Now, the first thing you must understand about this program, is that yWriter sticks with scenes. Yes, scenes. When Microsoft Word sticks with writing, this one sticks with scenes and chapters.

What does it mean? Well, in short, before you start writing the contents, you have to decide which scenes go first, and after that it’s followed with which scenes, and which scenes, and like that until you finish the story. And after you make a draft of what kind of scenes you want to happen in the story, you can start writing the contents, following the cue cards you have had before: your own scenes.

Of course, considering in NaNo you really shouldn’t edit anything, yWriter can be a good choice if you want to move one scene to another. It’s very simple; you just have to drag it up and bottom, depending on where you’d like it to be placed. And after you put it, you don’t have to write it again to make it fit with the story—nooo, you can always do that later. First, stick with what you’ve made for your cue cards, and follow them until your target has been gained.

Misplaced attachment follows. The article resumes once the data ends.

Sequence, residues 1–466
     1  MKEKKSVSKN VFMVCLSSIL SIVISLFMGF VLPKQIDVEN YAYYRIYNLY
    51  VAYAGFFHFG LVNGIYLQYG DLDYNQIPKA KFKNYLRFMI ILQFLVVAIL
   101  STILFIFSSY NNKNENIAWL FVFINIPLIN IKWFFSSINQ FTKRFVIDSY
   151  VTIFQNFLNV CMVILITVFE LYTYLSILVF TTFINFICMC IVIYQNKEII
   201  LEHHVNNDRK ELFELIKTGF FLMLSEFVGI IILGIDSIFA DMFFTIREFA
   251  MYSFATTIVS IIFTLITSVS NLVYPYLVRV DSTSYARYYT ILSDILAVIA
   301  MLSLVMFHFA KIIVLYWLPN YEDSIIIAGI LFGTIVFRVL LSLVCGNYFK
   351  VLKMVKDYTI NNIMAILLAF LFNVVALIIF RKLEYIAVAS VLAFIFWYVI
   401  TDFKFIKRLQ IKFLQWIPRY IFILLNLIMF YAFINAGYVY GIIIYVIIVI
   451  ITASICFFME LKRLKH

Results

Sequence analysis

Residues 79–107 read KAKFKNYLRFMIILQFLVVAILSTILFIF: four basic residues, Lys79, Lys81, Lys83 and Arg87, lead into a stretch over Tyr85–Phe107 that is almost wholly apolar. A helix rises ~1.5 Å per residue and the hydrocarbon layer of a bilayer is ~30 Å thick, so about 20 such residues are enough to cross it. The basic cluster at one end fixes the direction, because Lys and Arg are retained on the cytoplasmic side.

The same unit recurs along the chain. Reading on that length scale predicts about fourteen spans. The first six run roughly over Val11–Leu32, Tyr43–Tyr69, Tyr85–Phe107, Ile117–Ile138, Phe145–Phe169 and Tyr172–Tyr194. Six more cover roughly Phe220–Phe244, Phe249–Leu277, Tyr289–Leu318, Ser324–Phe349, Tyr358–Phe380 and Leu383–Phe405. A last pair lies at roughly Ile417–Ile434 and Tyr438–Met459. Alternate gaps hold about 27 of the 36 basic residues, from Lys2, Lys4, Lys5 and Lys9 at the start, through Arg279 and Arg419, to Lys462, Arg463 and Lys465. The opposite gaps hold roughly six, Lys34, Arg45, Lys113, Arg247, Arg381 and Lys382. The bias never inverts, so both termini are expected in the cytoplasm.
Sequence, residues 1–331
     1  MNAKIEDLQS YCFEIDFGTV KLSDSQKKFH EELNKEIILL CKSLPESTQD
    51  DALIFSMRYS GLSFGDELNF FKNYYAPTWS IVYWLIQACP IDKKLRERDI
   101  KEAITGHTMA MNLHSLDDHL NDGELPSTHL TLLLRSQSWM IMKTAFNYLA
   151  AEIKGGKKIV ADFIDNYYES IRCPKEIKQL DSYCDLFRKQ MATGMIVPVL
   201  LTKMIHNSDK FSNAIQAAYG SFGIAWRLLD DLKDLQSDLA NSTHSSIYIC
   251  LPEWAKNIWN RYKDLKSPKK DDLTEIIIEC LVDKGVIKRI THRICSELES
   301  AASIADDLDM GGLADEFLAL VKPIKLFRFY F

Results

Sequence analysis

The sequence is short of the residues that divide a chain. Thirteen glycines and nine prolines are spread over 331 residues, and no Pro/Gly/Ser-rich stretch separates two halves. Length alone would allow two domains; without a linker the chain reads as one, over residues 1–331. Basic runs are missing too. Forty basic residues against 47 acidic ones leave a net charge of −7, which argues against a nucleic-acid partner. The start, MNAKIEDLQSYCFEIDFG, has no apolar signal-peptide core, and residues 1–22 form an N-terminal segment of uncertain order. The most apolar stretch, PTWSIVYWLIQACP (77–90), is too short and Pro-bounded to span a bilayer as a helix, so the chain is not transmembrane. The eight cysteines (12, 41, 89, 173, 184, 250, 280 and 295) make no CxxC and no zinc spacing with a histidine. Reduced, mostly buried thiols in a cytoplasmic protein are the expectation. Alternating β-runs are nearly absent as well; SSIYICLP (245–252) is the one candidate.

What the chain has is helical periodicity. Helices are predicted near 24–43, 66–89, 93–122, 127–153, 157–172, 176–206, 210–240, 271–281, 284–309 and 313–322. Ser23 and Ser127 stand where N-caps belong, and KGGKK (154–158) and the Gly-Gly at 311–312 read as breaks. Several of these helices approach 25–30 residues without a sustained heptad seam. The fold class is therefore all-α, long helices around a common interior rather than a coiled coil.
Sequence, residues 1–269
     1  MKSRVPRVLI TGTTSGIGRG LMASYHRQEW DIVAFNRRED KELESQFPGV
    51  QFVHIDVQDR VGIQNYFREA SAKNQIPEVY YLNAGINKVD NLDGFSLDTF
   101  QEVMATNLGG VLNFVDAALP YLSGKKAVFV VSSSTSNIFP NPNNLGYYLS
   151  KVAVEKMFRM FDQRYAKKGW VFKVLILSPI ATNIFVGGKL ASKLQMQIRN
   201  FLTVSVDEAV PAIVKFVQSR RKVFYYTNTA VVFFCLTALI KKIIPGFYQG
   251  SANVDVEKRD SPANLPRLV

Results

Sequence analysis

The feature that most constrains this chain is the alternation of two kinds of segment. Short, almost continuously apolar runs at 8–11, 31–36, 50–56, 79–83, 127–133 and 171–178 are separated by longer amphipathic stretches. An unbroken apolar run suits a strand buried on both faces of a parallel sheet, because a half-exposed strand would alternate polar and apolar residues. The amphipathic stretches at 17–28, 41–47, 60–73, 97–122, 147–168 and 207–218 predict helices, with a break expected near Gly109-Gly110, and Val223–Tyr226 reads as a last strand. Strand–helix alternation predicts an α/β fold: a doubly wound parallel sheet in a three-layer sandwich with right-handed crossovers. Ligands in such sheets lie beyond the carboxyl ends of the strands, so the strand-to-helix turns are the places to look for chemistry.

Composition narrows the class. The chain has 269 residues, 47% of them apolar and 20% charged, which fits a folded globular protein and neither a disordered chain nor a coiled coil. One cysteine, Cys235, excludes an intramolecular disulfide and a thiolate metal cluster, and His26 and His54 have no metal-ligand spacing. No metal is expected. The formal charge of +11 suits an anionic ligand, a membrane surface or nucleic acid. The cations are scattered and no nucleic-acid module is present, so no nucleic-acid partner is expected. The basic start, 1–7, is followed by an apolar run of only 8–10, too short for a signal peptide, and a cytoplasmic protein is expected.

And another best part of yWriter is this: you CANNOT see what you’ve written in the previous scene. At the first glance, it might be considered a fatal disadvantage, but if you rethink it again, by not being able to see what you’ve written before, your internal editor is dead. He/she doesn’t remember what garbage you’ve written before, where you’ve made mistakes, and which scenes need to be improved. It can be very useful if you think you’re not so easy to be motivated.

Lastly now, think about what you’ll do after NaNo. Since you’ll barely edit in November, mistakes and errors and garbage cannot be avoided, and if you’re using the usual word processing program… well, you continue what I want to say. It can be very difficult, except if you’re taking advantage of the easy scene-changing system in yWriter like I’ve mentioned before. remember: better to make your scenes friends, than enemies.

Okay, folks, so here is the summary of the advantage in yWriter:

1. Easy to make the story scene by scene. You can always prepare the draft before NaNo starts, so if you love to arrange things, yWriter is the best choice for you.

2. Easy to move scenes you think is wrongly put. It saves time—really.

3. You can’t see what you’ve written before—your internal editor is therefore died.

4. Consider editing months later! If you want to make it all easy, yWriter can be a fun choice!

5. …And have I mentioned it’s free? 🙂

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You can download yWriter here. I’d suggest you better practice with it a bit, or else you’ll get stuck with the system usage this November. You won’t want to get stuck by then…. 😦